We have a couple of cases of proteins that seem to be toxic when expressed in insect cells (using baculovirus) - we get very low transfection efficiencies and inefficient virus production despite the controls working fine. In one case we got around this by incubating the cells for a much longer time period after transfection (~8 days), and then we did get some virus. But I suspect one may select for low/not expressing virus using this method.
Does anyone else have any experience with this, or ways to deal with toxic proteins in insect cells?
occasionally, we have constructs that do not lead to growth arrest after transfection of the bacmid even after extended incubation periods up to 10 days. The normal period is more like 5-7 days after transfection when cells stop dividing. Since we are splitting the cells daily and monitoring the duplication we can identify those difficult cases which generally do not show any expression.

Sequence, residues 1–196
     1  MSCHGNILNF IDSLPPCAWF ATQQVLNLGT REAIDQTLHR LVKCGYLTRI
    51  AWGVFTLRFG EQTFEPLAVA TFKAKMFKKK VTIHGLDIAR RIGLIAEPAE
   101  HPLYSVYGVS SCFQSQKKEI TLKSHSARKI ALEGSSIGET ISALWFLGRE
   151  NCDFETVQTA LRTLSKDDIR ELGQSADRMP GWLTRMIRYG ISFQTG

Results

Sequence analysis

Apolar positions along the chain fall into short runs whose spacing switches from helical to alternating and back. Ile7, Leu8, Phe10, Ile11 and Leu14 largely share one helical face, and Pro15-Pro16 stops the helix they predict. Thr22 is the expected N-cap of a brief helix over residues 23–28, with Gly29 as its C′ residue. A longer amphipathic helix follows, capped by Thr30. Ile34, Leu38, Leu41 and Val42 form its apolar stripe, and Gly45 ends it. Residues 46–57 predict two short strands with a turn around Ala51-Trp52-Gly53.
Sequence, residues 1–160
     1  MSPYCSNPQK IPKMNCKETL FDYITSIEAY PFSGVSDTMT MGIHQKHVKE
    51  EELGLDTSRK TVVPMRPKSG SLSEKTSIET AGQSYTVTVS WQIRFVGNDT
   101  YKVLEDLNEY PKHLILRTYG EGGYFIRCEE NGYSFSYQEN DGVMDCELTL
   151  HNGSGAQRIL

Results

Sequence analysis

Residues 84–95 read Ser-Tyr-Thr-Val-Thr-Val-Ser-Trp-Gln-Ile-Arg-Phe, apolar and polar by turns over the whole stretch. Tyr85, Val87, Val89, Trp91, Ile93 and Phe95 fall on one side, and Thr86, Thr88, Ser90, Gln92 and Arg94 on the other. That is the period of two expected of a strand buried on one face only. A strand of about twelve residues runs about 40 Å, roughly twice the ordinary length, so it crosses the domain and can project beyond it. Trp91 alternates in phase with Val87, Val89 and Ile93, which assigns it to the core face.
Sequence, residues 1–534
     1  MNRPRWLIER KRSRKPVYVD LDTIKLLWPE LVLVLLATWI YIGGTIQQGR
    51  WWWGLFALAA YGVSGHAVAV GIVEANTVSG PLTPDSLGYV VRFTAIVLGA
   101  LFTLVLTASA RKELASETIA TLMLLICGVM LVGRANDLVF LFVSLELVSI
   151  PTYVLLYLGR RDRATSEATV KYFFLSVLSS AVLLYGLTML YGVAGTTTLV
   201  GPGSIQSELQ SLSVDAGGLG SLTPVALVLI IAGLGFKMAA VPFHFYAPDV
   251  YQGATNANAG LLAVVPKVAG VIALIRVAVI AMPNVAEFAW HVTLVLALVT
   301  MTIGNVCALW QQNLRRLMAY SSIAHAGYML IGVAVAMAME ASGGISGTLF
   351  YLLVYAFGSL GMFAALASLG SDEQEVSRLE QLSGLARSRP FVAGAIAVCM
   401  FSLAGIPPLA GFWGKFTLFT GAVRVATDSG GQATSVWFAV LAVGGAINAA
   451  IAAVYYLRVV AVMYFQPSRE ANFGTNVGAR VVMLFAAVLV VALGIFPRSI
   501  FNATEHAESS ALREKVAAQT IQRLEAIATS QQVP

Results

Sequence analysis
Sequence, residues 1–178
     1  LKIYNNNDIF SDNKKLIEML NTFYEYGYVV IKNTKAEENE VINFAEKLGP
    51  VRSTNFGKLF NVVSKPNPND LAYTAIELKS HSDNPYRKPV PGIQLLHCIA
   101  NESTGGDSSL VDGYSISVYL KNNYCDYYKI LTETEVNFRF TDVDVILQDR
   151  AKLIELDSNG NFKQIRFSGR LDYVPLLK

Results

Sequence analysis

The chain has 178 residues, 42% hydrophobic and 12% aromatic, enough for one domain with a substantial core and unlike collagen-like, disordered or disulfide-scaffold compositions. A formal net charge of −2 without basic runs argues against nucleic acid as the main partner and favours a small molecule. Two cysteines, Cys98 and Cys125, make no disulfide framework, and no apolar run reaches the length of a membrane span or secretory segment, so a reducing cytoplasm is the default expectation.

The last case was a membrane-bound enzyme involved in lipid metabolism, where you can speculate that the lipid modification could affect the virus infection, maturation or release by the overexpressed enzyme but we don't have any data to show this. We tried several times with no success.
Maybe one could use known inhibitors of the protein or binding partners which could be co-expressed.
Hope that helps.